Perhaps one problem is that our self-image as a profession is weak and contradictory. Throughout our training, and throughout our career, we are assaulted by paradox: Kick ass, take names. But be sensitive, be nice. Never back up, take no 'gup,' hammer. But be diplomatic, be community oriented, be nice.
What to do, how to think? If you’re too nice and community oriented, you get maimed or killed. You’re soft. You’re a sheep in sheepdog clothing.
If you’re rough, tough and overly violent, you get complaints and lawsuits, and you also get hurt. If you even talk peace or kindness, some want to say you’re weak.
In the absence of an agreed upon philosophical base, too many officers fall into seeing themselves as garbage men because, as they put it, they deal with “garbage” everyday. Such a view leads to acting like garbage — and to low self-esteem. The job is hard enough. The daily grind of difficult and potentially hazardous encounters builds stress that finds its outlets in over-reaction on the street and abuse at home.
Dr. Kevin M. Gilmartin’s book, "Emotional Survival for Police: A Guide for Officers and Their Families," illustrates precisely how such negative self-views destroy officers. Gilmartin (www.emotionalsurvival.com) illustrates the cost to officers and their families from the divisive “Us vs. Them" perspective. Such orientation is disastrous, to the community we serve as well as to us.
I suggest that we build a program for street officers similar to that of the Marine Corps, one that offers the physical (which we have), the mental (which we give in the classroom and roll calls) and character (which I am suggesting we develop). We do have ethics courses, and we do try to talk “professionalism,” but the message remains incomplete and unclear — to most.
Instead of seeing ourselves similar to garbage men or overworked, underappreciated hired guns, we should instead see ourselves for what we are, ethical peace warrior-defenders, protecting people from themselves and others. We are the Thin Blue Line precisely because we are protector-defenders of lives and we value life even when we have to take it to protect ourselves and others.
Seen this way, we now understand why we cannot be like those we serve. We cannot lose our tempers, use violence promiscuously or lie and cheat to profit ourselves. Because we literally stand between peace and disorder, the sheep and the wolves, we have to be prepared on all levels to meet that challenge.
As my colleague and VP Lee Fjelstad (www.verbal-judo.com) has said, "We stand among and yet separate from others, by definition, and to lead and protect means we have to set the standard for elite performance.” Elite means that we are unlike others — distinct and above — as all peace officers should be.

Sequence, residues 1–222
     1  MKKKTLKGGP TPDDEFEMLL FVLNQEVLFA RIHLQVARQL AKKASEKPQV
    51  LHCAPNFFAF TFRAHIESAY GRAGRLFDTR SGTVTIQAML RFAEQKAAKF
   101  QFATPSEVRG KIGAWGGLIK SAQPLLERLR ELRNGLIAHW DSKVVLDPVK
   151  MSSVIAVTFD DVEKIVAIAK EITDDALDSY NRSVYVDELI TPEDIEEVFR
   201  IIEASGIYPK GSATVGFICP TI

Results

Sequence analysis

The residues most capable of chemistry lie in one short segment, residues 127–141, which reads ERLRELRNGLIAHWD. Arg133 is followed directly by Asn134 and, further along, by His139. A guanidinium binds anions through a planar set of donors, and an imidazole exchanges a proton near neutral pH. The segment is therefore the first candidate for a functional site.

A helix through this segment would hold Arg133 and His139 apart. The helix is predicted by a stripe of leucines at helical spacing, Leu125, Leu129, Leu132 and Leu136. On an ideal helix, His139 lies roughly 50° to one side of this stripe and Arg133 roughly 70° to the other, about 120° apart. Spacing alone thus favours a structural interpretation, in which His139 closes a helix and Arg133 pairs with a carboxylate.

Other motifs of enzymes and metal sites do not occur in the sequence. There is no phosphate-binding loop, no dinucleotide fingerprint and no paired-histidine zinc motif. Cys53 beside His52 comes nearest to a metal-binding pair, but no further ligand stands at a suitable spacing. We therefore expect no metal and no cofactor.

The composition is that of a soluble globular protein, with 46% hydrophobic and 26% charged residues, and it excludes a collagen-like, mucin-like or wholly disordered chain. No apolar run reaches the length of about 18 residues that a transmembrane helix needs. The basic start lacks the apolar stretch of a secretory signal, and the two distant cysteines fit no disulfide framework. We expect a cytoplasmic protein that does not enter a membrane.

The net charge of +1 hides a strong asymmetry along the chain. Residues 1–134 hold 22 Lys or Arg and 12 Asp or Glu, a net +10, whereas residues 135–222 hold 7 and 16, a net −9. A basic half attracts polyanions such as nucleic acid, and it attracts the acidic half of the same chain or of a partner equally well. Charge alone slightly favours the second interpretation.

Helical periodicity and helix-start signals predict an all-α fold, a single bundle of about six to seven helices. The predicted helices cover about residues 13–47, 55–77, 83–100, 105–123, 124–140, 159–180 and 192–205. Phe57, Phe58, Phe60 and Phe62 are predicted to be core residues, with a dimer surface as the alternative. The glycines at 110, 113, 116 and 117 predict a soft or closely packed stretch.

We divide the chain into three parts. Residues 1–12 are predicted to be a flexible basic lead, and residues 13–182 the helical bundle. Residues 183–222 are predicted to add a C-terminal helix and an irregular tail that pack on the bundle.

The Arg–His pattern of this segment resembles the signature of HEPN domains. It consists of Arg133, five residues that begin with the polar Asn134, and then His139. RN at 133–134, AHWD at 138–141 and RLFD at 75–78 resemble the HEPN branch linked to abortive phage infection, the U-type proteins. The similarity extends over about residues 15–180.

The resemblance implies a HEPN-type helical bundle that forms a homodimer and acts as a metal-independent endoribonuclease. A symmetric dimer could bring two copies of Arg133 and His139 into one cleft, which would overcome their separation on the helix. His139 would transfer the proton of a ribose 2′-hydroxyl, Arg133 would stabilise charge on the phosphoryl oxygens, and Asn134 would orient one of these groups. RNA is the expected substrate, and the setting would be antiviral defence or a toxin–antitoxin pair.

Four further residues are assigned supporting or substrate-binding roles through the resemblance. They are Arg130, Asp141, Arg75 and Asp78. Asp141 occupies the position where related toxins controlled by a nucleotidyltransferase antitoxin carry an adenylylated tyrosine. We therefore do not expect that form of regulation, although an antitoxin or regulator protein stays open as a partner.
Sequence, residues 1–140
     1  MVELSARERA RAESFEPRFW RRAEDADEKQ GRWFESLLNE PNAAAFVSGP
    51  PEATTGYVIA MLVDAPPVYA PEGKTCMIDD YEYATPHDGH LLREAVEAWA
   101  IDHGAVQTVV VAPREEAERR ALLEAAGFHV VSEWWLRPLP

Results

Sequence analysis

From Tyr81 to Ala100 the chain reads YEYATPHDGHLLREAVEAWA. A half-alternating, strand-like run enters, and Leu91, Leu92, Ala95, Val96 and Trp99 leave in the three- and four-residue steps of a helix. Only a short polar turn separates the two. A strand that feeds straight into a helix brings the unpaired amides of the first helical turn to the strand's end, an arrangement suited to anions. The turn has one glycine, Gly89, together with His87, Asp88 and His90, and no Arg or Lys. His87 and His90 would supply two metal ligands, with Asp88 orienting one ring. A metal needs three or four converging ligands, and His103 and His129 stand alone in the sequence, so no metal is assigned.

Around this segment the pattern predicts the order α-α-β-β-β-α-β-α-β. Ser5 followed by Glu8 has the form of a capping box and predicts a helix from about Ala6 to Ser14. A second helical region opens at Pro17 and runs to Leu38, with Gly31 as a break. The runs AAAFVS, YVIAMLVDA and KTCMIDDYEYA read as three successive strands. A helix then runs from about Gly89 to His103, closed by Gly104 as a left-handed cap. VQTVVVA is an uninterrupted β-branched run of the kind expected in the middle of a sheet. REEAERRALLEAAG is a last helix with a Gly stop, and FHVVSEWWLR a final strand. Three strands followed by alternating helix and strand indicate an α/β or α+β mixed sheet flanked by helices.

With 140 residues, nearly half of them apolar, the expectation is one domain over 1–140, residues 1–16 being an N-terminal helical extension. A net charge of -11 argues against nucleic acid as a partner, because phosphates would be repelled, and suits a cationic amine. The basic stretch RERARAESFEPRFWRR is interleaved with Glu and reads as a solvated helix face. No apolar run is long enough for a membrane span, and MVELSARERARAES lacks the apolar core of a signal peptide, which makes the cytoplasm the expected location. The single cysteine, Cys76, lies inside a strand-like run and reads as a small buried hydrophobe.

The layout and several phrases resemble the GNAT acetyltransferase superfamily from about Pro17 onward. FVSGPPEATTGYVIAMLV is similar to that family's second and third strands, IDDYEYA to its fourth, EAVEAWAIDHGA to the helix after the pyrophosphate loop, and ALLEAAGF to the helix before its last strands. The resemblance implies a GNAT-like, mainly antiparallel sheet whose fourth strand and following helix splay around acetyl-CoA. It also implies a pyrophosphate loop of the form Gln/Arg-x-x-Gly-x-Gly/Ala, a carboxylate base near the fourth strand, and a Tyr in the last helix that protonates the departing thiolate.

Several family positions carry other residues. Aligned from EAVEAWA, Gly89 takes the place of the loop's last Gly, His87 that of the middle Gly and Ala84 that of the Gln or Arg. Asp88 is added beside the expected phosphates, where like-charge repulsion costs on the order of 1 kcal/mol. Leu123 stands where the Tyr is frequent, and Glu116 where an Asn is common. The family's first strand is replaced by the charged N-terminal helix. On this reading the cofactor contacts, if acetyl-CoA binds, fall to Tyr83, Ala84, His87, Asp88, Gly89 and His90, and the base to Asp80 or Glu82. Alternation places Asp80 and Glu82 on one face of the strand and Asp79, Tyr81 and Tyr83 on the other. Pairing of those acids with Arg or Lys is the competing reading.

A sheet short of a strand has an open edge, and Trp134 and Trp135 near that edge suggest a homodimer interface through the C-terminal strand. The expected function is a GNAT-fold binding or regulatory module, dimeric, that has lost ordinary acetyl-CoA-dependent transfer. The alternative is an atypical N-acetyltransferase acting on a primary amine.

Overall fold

But none of this suggests weakness. Yes, we need to know how and when to hit and hit hard, when to take a life and when not to. Yes, the world is getting more violent and unpredictable, so we have to be mentally ready to take action, action to prevent and redirect violence, as in peace language and peace tactics — or action, using the other physical force options to take someone out before they do harm to others or to ourselves.
To see ourselves as defender-protectors is not only accurate to the job, it is a self-sustaining and enhancing concept that we so desperately need if we are to prevent the extreme burnout and cynicism that afflicts so many of us. Good training is not enough; we need an uplifting vision of what we do to sustain us through those difficult times on the streets and at home. Indeed, we need this vision partly because it harmonizes with what, for most of us, was our reason for entering police service in the first place: to be a hero, to protect those who cannot (or will not) protect themselves. I don’t want to sound corny, but isn’t this the "real truth" for most of us?
Furthermore, it is an awful truth that we can hurt the ones we most love — those closest to us. We need to protect our loved ones from our own cynicism, and often from ourselves. With our divorce rate among the highest in the nation, we need to look carefully at how we approach the job and why we are out there. To live according to the precepts, as Jack Hoban so aptly put it, “Wherever I am, people are safer” and “When I come home, people are glad to see me,” is to live a fulfilling, enriching life.
The ethical peace warrior-defender should be the informing image of our profession. There is nothing weak about protecting others, nothing weak about showing respect or attempting to bring peace out of disorder and violence. Nothing.
Tac Com/Verbal Judo is only one arm of the warrior, but an important one. We teach officers to talk and act peaceably — hence the “verbal” — but equally must we be prepared to drop the violator when necessary — hence the “judo. ”
If every officer left the station house with one thought in mind — "People are safer, here and at home, because of my presence" — there would be far less burnout and far more joy in the job.
Be the eagle.